Hubby and I like to watch the television to unwind—but I also like to watch it to see how stories and characters are developed, plots twist, themes are addressed, weird things happen.
We’re currently watching Colony, USA Network’s science-fiction drama series starring Josh Holloway and Sarah Wayne Callies. “In the not-too-distant future, Los Angeles has been invaded and occupied by outside forces, causing a rift between the city’s residents.”
So Why am I Hooked on Colony?
In many ways it’s like watching futuristic version of the Nazi Occupation. I was puzzling about that: is it a case of duplication-with-a-twist? I decided it’s a case of human condition. Any human beings put in the same type of situation (sudden violent occupation by someone bigger, badder, and more technologically advanced) would behave in the same general pattern. There’d be rebels, collaborators, and the neutral don’t-rock-the-boat folks in between. I do find it really interesting to see the problem put in a modern day situation, with modern day advancements in communications, weapons, police work, government policies…
The family situations intriguing—and utterly horrifying. I can empathize with the grief and helplessness of losing a child (thank you, overactive imagination!), the anger of being trapped in an untenable situation, the desire to want to “do something bigger than myself.” Sometimes people do really stupid things in the name of love and/or freedom. Are they right? Wrong? What happens to our pretty little moral lines when the whole world goes to pieces?
It’s incredible how many things influence our perception, our education, and our actions. It reminds me of the old axiom, “Don’t judge a man until you have walked a mile in his shoes.” A burden that is light for one may very well be overwhelming for another.
And that’s as much philosophizing as I want to do today!
Let’s Talk About the People
Let’s talk for a minute about the characters. Katie and Will Bowman both want the same things (safety, unity, justice), but they have really different ways of viewing how to go about getting them. And often, they’re both right. How’s that for a moral dilemma? I call it “juicy.” Especially when each of them have to redraw the lines they previously thought were gold.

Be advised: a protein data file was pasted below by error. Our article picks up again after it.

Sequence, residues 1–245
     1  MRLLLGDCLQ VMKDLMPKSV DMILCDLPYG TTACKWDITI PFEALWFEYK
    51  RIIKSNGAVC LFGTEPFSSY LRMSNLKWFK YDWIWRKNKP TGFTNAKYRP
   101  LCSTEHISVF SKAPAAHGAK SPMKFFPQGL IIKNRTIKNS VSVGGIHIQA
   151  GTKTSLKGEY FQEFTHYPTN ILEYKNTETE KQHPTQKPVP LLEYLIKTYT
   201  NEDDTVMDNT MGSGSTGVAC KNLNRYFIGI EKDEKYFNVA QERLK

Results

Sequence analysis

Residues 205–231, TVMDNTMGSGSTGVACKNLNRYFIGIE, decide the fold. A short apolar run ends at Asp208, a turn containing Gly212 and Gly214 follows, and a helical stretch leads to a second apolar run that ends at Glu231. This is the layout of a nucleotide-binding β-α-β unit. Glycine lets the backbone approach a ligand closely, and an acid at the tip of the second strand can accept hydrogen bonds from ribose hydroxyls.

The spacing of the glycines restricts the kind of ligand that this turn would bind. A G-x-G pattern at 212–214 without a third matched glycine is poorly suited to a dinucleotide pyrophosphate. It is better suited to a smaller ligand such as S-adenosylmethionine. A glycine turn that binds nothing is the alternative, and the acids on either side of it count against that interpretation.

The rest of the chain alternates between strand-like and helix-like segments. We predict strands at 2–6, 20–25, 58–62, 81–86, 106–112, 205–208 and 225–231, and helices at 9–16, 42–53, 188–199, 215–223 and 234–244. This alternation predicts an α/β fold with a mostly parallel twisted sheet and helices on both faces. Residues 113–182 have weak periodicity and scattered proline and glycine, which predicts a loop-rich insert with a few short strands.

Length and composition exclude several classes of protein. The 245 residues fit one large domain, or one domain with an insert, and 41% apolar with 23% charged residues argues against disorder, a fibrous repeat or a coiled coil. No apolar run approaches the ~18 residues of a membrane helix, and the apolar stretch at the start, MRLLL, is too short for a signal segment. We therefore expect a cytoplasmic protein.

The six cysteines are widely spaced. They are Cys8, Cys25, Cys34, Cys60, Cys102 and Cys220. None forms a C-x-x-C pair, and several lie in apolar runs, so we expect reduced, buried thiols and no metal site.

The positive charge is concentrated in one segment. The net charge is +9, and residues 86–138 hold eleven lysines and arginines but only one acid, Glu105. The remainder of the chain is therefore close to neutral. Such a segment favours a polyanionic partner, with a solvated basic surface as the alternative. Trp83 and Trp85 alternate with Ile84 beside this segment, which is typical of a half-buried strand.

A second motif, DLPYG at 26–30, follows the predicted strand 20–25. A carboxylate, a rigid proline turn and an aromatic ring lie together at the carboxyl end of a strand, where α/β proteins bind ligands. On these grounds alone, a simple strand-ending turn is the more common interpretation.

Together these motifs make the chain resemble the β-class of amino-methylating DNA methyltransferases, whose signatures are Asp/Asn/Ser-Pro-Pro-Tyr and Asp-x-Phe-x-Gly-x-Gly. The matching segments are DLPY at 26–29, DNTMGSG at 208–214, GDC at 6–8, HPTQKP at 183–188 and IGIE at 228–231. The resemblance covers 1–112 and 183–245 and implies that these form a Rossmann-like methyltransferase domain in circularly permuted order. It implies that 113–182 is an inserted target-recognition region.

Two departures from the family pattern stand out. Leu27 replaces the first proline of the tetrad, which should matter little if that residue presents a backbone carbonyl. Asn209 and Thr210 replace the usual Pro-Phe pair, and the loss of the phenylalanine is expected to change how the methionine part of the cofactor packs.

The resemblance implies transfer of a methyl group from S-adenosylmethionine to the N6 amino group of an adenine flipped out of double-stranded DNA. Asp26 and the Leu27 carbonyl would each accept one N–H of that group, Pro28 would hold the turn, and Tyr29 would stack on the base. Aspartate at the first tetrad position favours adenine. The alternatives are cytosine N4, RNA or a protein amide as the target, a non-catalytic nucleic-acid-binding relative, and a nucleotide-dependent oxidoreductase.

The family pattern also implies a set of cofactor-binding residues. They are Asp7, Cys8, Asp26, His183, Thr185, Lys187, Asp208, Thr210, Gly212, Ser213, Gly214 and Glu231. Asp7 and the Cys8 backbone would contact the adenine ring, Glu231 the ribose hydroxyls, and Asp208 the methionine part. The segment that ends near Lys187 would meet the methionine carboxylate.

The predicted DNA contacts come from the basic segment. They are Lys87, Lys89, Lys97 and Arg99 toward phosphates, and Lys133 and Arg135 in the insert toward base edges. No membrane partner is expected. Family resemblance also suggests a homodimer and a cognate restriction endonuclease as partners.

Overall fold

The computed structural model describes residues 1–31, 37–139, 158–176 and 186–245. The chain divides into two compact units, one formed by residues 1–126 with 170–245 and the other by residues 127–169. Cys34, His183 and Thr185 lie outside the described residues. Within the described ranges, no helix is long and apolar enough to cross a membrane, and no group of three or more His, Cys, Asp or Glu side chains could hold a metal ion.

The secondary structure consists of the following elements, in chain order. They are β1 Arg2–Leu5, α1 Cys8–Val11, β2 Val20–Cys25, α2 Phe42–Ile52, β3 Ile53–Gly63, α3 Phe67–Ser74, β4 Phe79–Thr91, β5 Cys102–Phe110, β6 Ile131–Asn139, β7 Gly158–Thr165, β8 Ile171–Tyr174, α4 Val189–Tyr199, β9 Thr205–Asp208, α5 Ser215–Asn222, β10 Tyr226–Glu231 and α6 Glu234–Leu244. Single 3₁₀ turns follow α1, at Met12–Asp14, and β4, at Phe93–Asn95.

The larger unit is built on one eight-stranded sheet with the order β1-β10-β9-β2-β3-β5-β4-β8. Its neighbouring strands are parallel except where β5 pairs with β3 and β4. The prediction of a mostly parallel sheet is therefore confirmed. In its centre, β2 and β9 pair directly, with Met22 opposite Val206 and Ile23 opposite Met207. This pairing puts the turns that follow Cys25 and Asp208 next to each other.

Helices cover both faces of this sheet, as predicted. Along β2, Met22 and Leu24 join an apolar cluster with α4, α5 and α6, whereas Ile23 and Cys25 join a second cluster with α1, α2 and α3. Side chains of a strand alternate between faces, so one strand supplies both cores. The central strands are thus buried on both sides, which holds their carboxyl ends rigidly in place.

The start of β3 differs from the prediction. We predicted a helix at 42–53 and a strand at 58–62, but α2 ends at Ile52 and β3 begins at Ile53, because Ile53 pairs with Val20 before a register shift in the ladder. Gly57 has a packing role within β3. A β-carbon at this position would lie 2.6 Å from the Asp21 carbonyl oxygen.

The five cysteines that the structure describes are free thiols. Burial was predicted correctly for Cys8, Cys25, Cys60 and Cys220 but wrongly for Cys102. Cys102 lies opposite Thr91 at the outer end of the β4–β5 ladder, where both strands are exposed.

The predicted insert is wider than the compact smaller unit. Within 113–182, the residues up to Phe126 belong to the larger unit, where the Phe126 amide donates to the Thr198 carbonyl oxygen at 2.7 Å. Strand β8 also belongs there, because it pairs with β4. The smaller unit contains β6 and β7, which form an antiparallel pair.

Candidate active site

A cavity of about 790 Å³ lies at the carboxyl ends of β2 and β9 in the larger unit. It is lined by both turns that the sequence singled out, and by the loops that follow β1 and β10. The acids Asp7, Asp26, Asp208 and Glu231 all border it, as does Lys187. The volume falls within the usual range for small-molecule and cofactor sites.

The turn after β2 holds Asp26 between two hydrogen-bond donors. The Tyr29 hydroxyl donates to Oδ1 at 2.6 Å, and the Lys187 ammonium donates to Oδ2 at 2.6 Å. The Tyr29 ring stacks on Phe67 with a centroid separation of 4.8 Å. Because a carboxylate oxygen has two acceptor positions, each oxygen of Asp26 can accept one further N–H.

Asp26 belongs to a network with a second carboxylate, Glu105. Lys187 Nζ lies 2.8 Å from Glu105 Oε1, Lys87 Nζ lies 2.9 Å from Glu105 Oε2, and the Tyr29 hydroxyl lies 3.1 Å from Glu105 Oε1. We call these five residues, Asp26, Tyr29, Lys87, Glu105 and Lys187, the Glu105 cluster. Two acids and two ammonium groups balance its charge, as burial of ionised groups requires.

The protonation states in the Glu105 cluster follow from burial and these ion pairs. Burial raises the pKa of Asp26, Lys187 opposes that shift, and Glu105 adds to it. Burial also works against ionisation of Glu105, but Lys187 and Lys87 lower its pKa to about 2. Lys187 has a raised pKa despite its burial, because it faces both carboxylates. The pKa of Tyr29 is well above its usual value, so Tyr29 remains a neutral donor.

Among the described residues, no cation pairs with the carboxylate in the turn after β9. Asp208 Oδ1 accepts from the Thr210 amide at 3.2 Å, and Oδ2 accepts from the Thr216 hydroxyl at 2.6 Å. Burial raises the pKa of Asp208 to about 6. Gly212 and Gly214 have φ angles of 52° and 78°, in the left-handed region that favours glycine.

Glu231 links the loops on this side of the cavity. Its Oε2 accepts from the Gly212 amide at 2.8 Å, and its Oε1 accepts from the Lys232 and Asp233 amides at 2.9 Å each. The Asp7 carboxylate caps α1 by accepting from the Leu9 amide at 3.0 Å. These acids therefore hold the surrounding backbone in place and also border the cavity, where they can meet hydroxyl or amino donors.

Then there’s the Proxy who’s out of his depth, trying to be a good guy (mostly), but sometimes dipping into the Kreep Kool-aid.
The sister who will do anything to keep her sick son safe and get him the treatment he needs.
Her self-serving mercenary boyfriend whose charm probably comes out of bottle of snake oil.
The rebel with military training and a cause to test his skills.
The actors are terrific. I don’t think I’ve seen one that didn’t work. That hair of Holloway’s though—ai ai ai! The actor is great, but frequently the hair steals the scene. And not in a good way.
I don’t know anything about directing, so I’m not saying anything about directing, except that there are some really awesome and clever things going on there. Maybe Hubby and I are easy to please, but neither one of us have groused about how unrealistic a scene was (even it if was technically unrealistic). Some of the segues are just plain awesome.
At the end of every episode, we have our own life-altering decision to make: desperately wanting to hurry to the next one, or wait until tomorrow so we can drag the thrill out…
Sometimes we all just need a few encouraging words, eh? Life gets hard, people get sick, plans don’t work out, tragedies strike, life gives you lemons. It’s part of this mortal journey, but it is not all. Difficult times are not the only times. Maybe we have to look a little harder through the gloom, but the good things are still there: love and joy, successes and accomplishments, celebrations, dancing, and lemonade.
Our family is going through some terrifically trying times right now, but somehow there is still laughter, people bringing ice cream—Chocolate. Dark. Because milk chocolate is a color, not a flavor—unexpected hugs or phone calls, little things that remind us that there is joy.
Because I need it, because everyone needs it, here are a few reminders, a few encouraging words to help us see the good things and help us to keep our chins up and our smiles at the ready.
Thank you for being there—for me, for each other. Keep up the good work.
~ ~ ~ ~ ~ ~ ~ ~ ~ ~ Have you got an inspirational, uplifting quote that has helped you get through hard times? A story about someone who’s done something amazing for you or someone else?
Once again, Mr. Broaddus has given us an entertaining, fast-paced tale of magic, intrigue, and adventure. A sequel to A Hero’s Curse, I liked this book even better than the first—and Parker has done a fine job of making it stand on its own.